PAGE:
a touching holiday tale

So the other day everyone in my family was ripping on everyone else, as we have a tendency to do, and the subject of Christmas gifts came up. And a certain memory came flooding back.

It was the mid-80s, I suppose. I want to say that I was 7 or so and Ginny was about 5.

Somehow we had gotten the idea (possibly from something our parents had said) that making Christmas gifts for each other was a sweet and touching thing to do. So we came up with ideas and got busy.

I decided to make Ginny a shirt for Frannie, her beloved Cabbage Patch Kid, to wear.

*Note: My sewing skills developed quite early, which is to say that I’m as shitty a seamstress now as I was at age 7. I can’t even sew a button.

I worked for a really long time on this fugly-ass shirt. I sewed the two pieces together (out of pillowcase cloth, of course) and “embroidered” some sort of design on it which may or may not have involved trees and flowers. I sewed that bitch with love. And then I wrapped it up and put it under the tree.

I thought it looked lovely, of course, because I was seven and quite possibly vision-impaired. I couldn’t wait for Ginny to open it on Christmas morning.

Meanwhile, she was working on a little handmade gift of her own.

At seven, I was a voracious reader, and particularly keen on Nancy Drew mysteries. I read almost everywhere except in the car, because I’ve always been horribly affected by motion sickness when I read in moving vehicles.

Ginny decided to make me a book-on-tape of one of my Nancy Drew books.

She worked for hours and hours on it, hiding in her closet or behind the couch in the family room with her red boom box and a supply of blank cassettes.

The problem?

Ginny had barely learned to read.

So while the effort expended was commendable, imagine about twelve cassette tapes filled with the stumbling stops-and-starts and poor enunciating of a five-year-old reading a book way out of her league.

Despite all that, when I opened the shoe box full of tapes on Christmas Day, I said “thank you” and hugged her and did all that stuff you’re supposed to do. Mostly because I was a perfect child. I was also especially aware of the fact that my parents were videotaping every moment of our present-opening with their brand new size-of-a-truck RCA camcorder. Each time we opened a present they made us go stand in front of the camera and say what it was we got and all that good stuff.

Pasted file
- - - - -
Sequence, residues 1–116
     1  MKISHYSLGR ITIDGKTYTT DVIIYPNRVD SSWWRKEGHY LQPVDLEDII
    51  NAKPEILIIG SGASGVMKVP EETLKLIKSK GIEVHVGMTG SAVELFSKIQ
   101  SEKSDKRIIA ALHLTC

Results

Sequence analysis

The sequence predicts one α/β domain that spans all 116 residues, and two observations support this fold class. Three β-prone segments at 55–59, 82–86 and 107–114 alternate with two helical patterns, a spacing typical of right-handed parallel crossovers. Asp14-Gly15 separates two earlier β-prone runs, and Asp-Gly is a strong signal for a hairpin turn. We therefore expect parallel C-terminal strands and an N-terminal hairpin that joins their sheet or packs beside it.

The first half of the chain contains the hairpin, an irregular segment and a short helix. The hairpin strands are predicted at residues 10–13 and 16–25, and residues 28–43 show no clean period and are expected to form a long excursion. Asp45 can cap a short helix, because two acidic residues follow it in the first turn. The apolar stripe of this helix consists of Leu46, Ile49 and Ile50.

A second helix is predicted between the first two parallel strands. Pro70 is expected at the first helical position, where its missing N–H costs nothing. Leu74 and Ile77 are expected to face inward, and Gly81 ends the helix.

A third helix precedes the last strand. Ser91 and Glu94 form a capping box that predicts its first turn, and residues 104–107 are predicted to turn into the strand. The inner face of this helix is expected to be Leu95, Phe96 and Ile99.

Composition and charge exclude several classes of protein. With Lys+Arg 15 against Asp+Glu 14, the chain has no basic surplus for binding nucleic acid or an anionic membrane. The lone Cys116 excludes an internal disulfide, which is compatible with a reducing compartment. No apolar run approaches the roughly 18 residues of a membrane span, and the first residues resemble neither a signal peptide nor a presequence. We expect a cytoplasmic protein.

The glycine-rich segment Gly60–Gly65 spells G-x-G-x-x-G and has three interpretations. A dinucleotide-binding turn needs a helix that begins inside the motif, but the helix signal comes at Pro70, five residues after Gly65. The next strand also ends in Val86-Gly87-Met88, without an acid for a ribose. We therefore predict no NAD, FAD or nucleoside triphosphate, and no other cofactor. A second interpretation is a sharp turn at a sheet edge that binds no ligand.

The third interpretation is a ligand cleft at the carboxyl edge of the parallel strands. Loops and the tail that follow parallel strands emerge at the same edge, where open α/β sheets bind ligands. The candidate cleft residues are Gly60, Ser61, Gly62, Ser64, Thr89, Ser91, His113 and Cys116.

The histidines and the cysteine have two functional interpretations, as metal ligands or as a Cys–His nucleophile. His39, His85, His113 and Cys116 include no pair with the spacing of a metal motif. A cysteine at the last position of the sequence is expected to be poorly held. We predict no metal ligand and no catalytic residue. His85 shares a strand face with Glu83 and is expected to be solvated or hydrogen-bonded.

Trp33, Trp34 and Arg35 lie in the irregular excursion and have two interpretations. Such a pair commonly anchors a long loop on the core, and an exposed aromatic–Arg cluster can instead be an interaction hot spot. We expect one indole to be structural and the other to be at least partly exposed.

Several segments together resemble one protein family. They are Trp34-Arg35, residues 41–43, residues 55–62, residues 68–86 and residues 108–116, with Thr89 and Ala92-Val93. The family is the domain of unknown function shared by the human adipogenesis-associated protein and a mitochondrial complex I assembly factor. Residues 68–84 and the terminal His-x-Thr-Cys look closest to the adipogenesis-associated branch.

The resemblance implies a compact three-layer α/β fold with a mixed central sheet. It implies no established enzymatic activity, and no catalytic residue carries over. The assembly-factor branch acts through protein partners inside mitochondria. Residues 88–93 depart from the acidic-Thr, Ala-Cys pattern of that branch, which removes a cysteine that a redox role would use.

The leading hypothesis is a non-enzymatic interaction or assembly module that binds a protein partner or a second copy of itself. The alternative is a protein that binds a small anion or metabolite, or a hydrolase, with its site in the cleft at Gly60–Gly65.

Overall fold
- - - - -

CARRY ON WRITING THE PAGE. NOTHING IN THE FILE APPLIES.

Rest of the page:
So Ginny’s reaction when she opened the box with the fugly doll shirt lives in infamy.

Thrusting out a skinny hip to the side, she held it up in front of the camera and said, AND I QUOTE:

“What is it? Great. I hate it.”

And THEN she threw the fugly shirt on the floor and STOMPED ON IT.

Of course at the time I think I was crushed and horrified, and my parents forced her to hug me and thank me or some similar parent-y thing, but these days it’s one of our funniest Christmas memories.

Besides, I totally taped George Michael songs from the radio over her 900-hour epic Nancy Drew cassettes.

12 Replies to “a touching holiday tale”

  1. <a href=”http://www.themorningnews.org/archives/stories/free_red_wine_and_other_humiliations.php

  2. That is fucking hilarious. HILARIOUS. I'm sure the people in the conference room think I'm nuts 'cause I'm all laughing over here. Somebody needs to bring me some food.

  3. Lorie, I share in your hand-made gift trauma…Remember when the “southwestern” theme was pretty popular? Well, my sister was really into it. So for Christmas one year I decided to buy her a nice, white button-down shirt and hand-embroider southwestern icons along the button placket. I thought it was the greatest, most creative thing ever. But looking back at it, I'm pretty sure my sister thought it was the biggest pile of crap she'd ever seen.
    . . . .
    Merry Christmas. :)

  4. my friend sankara is a hindu, and his family never celebrated christmas in the traditional way. his parents didn't want him and his sister to feel left out, so they used to get a tree and wrap presents to put under it. but not appreciating the whole capitalist slant of the day, the presents were not really presents. they were pieces of fruit wrapped in wrapping paper. one year sankara got a toothbrush and an orange. which would have been great if it was a brand-spanking-new tootbrush, but his parents just wrapped his old one in wrapping paper and put it under the tree.

  5. Edited to add. I knew she was making it and told her it was ugly then. She should have known better than to give the thing to me. And also the book on tape was for her birthday in February and I didn't read that bad! So there. The shirt was fugly.

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